Brent crude futures topped $ 70 for the first time since the start of the COVID pandemic, while U.S. crude was at a two-year high.
Brent crude futures topped $ 70 a barrel on Monday for the first time since the start of the COVID-19 pandemic, while U.S. crude hit its highest level in more than two years at the following reports of attacks on Saudi facilities.
Brent crude futures for May hit $ 71.38 a barrel at the start of Asian trade, the highest since January 8, 2020, and were at $ 71.11 a barrel at 2:55 a.m. GMT, up 1 , $ 75, or 2.5%.
U.S. West Texas Intermediate (WTI) crude for April rose $ 1.60, or 2.4 percent, to $ 67.69. The price of WTI in April had reached $ 67.98 per barrel earlier, the highest since October 2018.
Yemen’s Houthi forces on Sunday fired drones and missiles into the heart of Saudi Arabia’s oil industry, including a Saudi Aramco facility in Ras Tanura, vital to oil exports, in what Riyadh called a failed assault on global energy security.
Ras Tanura is the world’s largest oil terminal, capable of exporting around 6.5 million barrels per day – nearly 7% of oil demand – and is therefore highly protected. The port has a large fleet of storage tanks where crude is kept before being pumped into super-tankers.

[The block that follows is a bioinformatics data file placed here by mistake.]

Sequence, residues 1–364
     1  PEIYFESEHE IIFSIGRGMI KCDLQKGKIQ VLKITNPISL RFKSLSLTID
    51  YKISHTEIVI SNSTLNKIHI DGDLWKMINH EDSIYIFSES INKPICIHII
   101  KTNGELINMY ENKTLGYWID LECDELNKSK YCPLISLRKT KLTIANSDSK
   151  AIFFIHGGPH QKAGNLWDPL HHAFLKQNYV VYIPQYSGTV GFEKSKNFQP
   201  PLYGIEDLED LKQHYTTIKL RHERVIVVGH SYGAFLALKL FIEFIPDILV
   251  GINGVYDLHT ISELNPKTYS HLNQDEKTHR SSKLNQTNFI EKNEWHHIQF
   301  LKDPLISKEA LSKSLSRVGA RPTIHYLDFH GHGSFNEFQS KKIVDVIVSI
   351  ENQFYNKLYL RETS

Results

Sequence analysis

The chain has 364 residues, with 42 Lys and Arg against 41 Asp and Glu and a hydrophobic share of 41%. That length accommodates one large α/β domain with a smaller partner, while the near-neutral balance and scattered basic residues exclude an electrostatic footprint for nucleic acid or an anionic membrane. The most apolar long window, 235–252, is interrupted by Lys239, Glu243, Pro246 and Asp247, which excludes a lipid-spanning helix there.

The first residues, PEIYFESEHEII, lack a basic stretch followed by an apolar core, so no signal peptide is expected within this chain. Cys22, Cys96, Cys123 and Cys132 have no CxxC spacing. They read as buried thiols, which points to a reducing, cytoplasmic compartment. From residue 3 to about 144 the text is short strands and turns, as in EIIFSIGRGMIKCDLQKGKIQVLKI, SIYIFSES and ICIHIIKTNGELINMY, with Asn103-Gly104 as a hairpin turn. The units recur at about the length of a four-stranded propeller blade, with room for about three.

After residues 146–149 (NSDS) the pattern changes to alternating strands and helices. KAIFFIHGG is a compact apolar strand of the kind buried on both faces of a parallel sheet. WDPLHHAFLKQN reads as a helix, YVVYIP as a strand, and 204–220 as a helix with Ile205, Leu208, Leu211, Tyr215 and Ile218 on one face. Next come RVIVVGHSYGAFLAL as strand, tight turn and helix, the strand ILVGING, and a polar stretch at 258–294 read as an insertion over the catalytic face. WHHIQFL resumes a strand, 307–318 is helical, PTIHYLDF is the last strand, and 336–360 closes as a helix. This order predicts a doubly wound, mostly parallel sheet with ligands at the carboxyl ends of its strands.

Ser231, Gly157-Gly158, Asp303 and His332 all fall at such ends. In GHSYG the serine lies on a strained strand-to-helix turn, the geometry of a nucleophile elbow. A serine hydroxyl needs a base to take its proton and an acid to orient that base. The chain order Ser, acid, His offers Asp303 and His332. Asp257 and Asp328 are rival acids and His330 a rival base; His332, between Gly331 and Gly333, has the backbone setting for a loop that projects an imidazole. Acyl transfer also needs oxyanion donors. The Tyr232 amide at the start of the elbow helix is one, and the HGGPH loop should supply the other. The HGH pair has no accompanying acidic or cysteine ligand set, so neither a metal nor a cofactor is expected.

Drone and missile attacks were intercepted and crude production did not appear to be affected. But the latest in a series of assaults claimed by Iranian-backed Houthi rebels has pushed oil prices above $ 70 a barrel.
“ More on the rise ”
The attacks are the most serious against Saudi oil facilities since a key processing facility and two fields were burnt down in September 2019, cutting production for several days and exposing the vulnerability of the kingdom’s oil industry. This has been claimed by the Houthi rebels in Yemen, although Riyadh has pointed the finger at its rival, Iran.
“We could see a further rise in the market in the near term, especially since the market probably now has to assess some sort of risk premium as these attacks increase in frequency,” ING analysts said in a report, noting that this was the second attack this month after an incident in Jeddah on March 4.
Brent and WTI prices are up for the fourth session in a row after OPEC and its allies decided to keep production cuts largely unchanged in April.
Despite the rapid rise in crude prices, the Saudi oil minister has expressed doubts about a strong recovery in global energy demand.
“The decision to keep quotas unchanged signals the group’s intention to further reduce inventories, without fear of excessive market tightening,” ANZ analysts said in a note. “It also suggests that they see little threat of increased production elsewhere.”
However, the energy minister of the world’s third-largest crude importer, India, said higher prices could threaten the consumption-driven recovery in some countries.
The price hike also encouraged U.S. energy companies to add oil and gas rigs for a second week in a row, energy services firm Baker Hughes Co.